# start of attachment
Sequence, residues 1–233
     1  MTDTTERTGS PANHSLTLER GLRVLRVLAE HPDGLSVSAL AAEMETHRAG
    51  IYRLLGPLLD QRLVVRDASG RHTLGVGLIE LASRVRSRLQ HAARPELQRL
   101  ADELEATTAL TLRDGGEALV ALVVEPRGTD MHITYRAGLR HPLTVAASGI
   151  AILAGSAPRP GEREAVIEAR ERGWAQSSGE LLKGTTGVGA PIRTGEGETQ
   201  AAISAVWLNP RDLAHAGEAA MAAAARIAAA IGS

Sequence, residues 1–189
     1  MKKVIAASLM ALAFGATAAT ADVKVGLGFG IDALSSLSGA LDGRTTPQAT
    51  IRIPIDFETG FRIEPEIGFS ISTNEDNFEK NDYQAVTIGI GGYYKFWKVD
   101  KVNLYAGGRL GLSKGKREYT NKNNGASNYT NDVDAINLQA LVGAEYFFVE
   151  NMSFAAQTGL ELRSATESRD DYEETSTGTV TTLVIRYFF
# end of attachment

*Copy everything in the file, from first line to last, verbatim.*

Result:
Sequence, residues 1–233
     1  MTDTTERTGS PANHSLTLER GLRVLRVLAE HPDGLSVSAL AAEMETHRAG
    51  IYRLLGPLLD QRLVVRDASG RHTLGVGLIE LASRVRSRLQ HAARPELQRL
   101  ADELEATTAL TLRDGGEALV ALVVEPRGTD MHITYRAGLR HPLTVAASGI
   151  AILAGSAPRP GEREAVIEAR ERGWAQSSGE LLKGTTGVGA PIRTGEGETQ
   201  AAISAVWLNP RDLAHAGEAA MAAAARIAAA IGS

Sequence, residues 1–189
     1  MKKVIAASLM ALAFGATAAT ADVKVGLGFG IDALSSLSGA LDGRTTPQAT
    51  IRIPIDFETG FRIEPEIGFS ISTNEDNFEK NDYQAVTIGI GGYYKFWKVD
   101  KVNLYAGGRL GLSKGKREYT NKNNGASNYT NDVDAINLQA LVGAEYFFVE
   151  NMSFAAQTGL ELRSATESRD DYEETSTGTV TTLVIRYFF